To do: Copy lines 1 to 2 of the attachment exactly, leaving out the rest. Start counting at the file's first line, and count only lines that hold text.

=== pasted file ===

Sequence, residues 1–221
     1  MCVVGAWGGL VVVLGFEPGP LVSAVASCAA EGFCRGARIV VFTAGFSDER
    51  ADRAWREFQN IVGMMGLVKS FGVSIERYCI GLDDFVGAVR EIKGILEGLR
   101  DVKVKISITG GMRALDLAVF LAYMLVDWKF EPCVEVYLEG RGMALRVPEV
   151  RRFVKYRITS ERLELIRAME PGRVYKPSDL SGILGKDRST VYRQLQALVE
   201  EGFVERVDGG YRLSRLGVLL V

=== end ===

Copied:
Sequence, residues 1–221
     1  MCVVGAWGGL VVVLGFEPGP LVSAVASCAA EGFCRGARIV VFTAGFSDER